Have you ever suddenly found foul-smelling, tepid water gushing up from one or more of your drains? That’s called “backflow” and it’s a pretty serious problem that needs to be dealt with immediately. Each time backflow occurs, it drastically lowers the sanitary conditions of your home’s plumbing, putting you and your family at risk.
Fortunately, there’s an easy way to fix it. Installing a backflow prevention device will effectively protect your home against all backflow. If you need a prevention device installed, maintained, repaired, or replaced, turn to Gold Medal Plumbing and Drain today. We offer comprehensive Mississauga backflow prevention services throughout the area. Let our Mississauga plumbers help take care of your home.
Call (647) 546-2635 or contact us online to schedule a convenient appointment.
A backflow prevention device can come in a variety of forms. For residential properties, it is often a one-way valve that is installed in the home’s sewer line. As long as proper pressure is maintained, the valve remains open to allow water to flow through it. If there is a change in pressure, however, the valve shuts and prevents sewage from contaminating the home.
This simple device is enough to:
Installing this device requires access to the sewer line, as well as specialized training. If it is improperly installed, the device could not only fail to protect against backflow, but it could also impede the proper flow of water. If you want to properly protect your home against backflow, you should trust us to handle your device installation for you.
Backflow prevention devices also need to be checked annually. Waste can build up on the valve over time, causing it to become stuck in the open or closed position. Annual maintenance ensures that the device is working properly and is free of obstruction.
Contact Gold Medal Plumbing and Drain at (647) 546-2635 for expert backflow prevention services in Mississauga and the surrounding areas.
It is illegal (and not a very environmentally or plumbing friendly practice) to connect any rain or ground water to the sewer or a septic tank. IF, however, you do hookup – at the very least put a trap in the line to keep sewer gas out of the house.
If you’ve installed a new fill valve, and are certain that everything else in the toilet is working properly, leaks could very well be high water pressure. If your water pressure is so high that it leaks past a Fluidmaster 400A or another new ballcock (aka: “toilet fill valve”) – then you NEED a pressure reducing valve. Other water pipes, connectors, clothes washing machine hoses and your water heater could leak or break. Best to get a water pressure regulator if your pressure to the house is more than 60 pounds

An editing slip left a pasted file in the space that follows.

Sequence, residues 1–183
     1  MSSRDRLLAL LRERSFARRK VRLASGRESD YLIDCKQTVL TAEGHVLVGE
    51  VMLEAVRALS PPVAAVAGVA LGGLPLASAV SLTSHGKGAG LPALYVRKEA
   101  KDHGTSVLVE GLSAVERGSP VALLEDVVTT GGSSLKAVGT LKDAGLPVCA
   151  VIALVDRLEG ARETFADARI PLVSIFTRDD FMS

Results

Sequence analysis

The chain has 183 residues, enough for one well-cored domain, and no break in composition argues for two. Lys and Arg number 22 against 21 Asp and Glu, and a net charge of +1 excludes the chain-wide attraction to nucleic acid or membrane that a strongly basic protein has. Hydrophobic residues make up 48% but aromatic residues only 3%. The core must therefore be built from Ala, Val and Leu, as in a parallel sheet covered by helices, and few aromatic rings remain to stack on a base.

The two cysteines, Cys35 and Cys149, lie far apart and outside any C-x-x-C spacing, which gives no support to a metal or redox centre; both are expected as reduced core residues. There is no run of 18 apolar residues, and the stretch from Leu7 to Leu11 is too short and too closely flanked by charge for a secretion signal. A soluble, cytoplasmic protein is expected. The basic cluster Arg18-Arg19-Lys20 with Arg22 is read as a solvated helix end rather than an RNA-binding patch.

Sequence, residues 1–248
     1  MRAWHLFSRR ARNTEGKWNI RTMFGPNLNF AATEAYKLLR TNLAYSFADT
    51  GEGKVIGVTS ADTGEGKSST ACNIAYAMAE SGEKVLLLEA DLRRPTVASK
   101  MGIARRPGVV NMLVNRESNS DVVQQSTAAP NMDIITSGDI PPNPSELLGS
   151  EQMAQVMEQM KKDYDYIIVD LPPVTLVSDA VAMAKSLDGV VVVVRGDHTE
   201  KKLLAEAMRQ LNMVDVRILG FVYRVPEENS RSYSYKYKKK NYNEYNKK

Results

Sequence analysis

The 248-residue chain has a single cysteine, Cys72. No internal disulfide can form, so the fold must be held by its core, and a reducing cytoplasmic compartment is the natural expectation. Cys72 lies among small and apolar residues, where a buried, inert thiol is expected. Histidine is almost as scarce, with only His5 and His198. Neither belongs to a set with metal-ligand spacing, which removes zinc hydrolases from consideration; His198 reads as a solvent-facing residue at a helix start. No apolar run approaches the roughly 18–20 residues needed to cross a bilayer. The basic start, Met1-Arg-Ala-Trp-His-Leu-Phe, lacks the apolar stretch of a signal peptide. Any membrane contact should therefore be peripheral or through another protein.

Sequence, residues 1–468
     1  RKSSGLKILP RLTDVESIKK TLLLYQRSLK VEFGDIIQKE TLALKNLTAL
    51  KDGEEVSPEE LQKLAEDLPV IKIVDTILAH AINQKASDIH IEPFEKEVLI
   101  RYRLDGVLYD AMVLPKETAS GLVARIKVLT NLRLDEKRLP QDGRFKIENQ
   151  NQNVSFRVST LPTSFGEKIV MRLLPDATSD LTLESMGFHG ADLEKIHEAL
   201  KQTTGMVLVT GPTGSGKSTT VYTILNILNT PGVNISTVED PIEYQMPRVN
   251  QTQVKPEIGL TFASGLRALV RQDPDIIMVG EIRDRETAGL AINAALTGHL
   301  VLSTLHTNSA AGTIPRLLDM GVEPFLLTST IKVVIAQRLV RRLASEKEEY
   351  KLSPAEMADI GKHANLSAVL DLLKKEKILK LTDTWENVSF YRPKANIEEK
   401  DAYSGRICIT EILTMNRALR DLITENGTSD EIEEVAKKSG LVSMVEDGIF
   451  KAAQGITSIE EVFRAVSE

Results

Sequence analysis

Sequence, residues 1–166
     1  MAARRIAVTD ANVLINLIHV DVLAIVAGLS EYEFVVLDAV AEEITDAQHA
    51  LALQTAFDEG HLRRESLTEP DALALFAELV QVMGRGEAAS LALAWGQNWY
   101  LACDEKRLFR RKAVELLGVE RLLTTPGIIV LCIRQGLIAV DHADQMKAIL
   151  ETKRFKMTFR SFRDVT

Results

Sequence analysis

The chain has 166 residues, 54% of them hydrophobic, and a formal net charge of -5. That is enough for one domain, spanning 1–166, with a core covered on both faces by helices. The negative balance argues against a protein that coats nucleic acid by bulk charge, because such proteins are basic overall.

Yes, drain pipes do dry out and get real rough. Will it clear up with use? Maybe. Is there anything you can really do about it? Not after the fact. Prevention is best here – try to run some water through infrequently used drains every so often to keep this from happening.
When the lowest plumbing fixture in the house overflows when another fixture (like a clothes washing machine) is draining; most commonly the septic tank needs to be pumped, there is a break in the sewer pipe outside the house or the main drain is plugged somewhere. However, the washing machine line could be connected to close to the “suds rinse zone”, meaning the washer waste ties into the waste or soil line of another fixture too close downstream from the problem fixture. What is happening is the water is rushing by the suds at a high velocity, pushing ahead of the suds. Because the fixture is the closest place of relief, the suds will come up into the fixture, even a toilet. The code requires that a washing machine, kitchen sink, shower, and dishwasher line be connected at least 5′ downstream from any fixture branch. This could be just one of many possibilities for the bubbling and backup. We strongly recommend contacting a licensed plumber to help you diagnose your individual situation.